26 September 2010
I got sucked under the snow and that is the last I saw of them. The adrenalin is keeping me calm for whatever is coming next. I stopped fighting the mountain of snow, it is futile. It is highly likely I am going to need all the energy I can muster in the coming moments. The sudden realisation that I am about to die and there is absolutely nothing I can do to prevent it is life changing, ironically just all a bit too late! Underground I am being turned over and over. I relaxed and went with the flow. I was sucked deep down below the surface. The lights went out and suddenly everything was quiet, very dark and very still. My only companion now was the sound of myself panting for air that didn’t exist, it was as clear as the daylight above ground that I was never going to see again, this life is over.
This is an edited version on an experience I went through in 2001. It was a horrific experience, it was my worst nightmare. But which part is the nightmare?
Imagine for a second, you are on your death-bed, you have a matter of moments to live. You don’t need to add in any horrific circumstances, just the facts, this is the end of your life. You are fully conscious. What do you do?
Do you want a hint?
Well you don’t worry about the bills you haven’t paid yet, or the money you never made.
I can tell you exactly what you do. For me the lack of oxygen and the circumstances of my near death experience were irrelevant. The fear was replaced by regret. The feeling of regret was so immense that everything else paled into insignificance.
What is there to regret, and why bother? Your life is over, there is no point reminiscing.
Yet, on my death-bed, the sound of my panting ringing through my head, the sound of myself dying for air, all I could focus on was the wonderful people in my life and the moments I shared with them and the moments that could have been.
What a waste. Even though I was grateful, I still recognised the waste I’d made of my sorry existence.
Life’s very different now.
Another great week flies by and what are we left with? What do we have to show for it? What can you say you did this week that was different form the last?
Once you have stripped away the financial gains, the wins the losses, what are we left with?
I have a theory that it is all about emotion. That’s what I learnt down there deep in my ice-cold tomb.
Yet I know so many business owners who are desperately chasing their dreams and tails. Desperate to make as much money in as short a space of time.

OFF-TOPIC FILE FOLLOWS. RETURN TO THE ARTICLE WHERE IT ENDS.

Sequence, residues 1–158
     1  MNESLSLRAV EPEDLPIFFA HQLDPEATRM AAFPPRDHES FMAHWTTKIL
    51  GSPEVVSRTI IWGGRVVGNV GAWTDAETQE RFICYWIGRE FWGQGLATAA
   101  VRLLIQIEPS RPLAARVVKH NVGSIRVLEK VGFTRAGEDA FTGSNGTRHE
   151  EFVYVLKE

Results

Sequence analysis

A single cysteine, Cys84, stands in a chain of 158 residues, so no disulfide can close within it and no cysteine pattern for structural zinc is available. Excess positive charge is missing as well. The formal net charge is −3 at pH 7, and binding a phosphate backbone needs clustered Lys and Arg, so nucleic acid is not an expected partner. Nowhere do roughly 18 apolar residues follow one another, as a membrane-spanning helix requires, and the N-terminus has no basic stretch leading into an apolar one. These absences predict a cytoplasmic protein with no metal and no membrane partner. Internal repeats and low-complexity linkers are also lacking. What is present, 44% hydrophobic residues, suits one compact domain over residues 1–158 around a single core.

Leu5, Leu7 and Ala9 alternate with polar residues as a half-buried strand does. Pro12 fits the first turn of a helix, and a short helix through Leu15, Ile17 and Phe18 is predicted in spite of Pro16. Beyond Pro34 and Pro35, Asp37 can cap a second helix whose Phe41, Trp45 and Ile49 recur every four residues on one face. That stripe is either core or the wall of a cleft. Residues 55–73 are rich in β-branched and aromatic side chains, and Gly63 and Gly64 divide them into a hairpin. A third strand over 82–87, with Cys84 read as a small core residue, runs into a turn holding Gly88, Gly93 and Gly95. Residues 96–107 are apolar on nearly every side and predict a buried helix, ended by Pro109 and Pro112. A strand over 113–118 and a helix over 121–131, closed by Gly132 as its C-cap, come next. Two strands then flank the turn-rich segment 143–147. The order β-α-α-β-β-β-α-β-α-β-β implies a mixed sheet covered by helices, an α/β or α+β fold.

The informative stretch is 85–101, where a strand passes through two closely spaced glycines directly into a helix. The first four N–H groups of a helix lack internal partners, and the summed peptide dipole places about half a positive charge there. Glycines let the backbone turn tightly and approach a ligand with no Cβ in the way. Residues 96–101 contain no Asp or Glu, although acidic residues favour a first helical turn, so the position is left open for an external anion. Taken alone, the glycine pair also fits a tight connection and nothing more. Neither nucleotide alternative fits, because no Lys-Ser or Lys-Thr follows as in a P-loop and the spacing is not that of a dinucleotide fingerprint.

Why? The more successful I become, the more I realise that it is less about money. The super successful people I know, don’t seem to be bothered at all by money.
When you are on your death-bed and you are listing your regrets in your mind, can you honestly imagine a more ridiculous scenario than being troubled by the amount of money you never made?
Of course not.
I am not that different from the next man. In fact we are all surprisingly similar. We are all made form the same flesh and blood. The only differences that separate us are the circumstances that shape our values and beliefs.
Before the avalanche, I chased my tail and I chased it hard.
Now, all I value are the emotions I share with family and friends. Good and bad ones alike. It doesn’t matter. The bad ones are as important as the great ones. Without the troughs, the peaks wouldn’t feel so euphoric.
It is safe to say that the avalanche for me was a life changing event and today it is every bit as real as the day I went under and I am a different person since being dragged out and resuscitated.
The point I am making is not why are you working so hard? Working hard is essential. Where are you going and why?” is a much better question.
Earlier in the week, I’d been out with Gail (my wife) and heard the most amazing piano vocalist. He was over from the US on tour. He was playing in 2 nights time in Manchester city centre.
Being an ex-promoter and pianist I know how hard these guy graft to make ends meet. I took a few minutes to speak with his agent, Steve. I bought a couple of CD’s.
This week I was asked by 20 or more people “why have we got a grand piano in the office and who is that guy playing it? What’s the occasion?”
The truth of the matter, there is no more special occasion than being able to say thank you to all your work colleagues who work week in week out for you. To get a moment where we can share great memories, well that’s worth doing it for. The in-laws brought my 2 little girls in and before you know, there is a full blown party with food and laughter aplenty.
I knew that everyone would appreciate this guy, so we went for it.
At the end of your life if you are lucky enough to have the chance to reflect, “no regrets” that’s the cliche. but really, it is true.
Don’t you want to be the grandfather / grandmother with the most amazing tale to tell. That’s what you should be chasing. Lessons that you are able to pass on.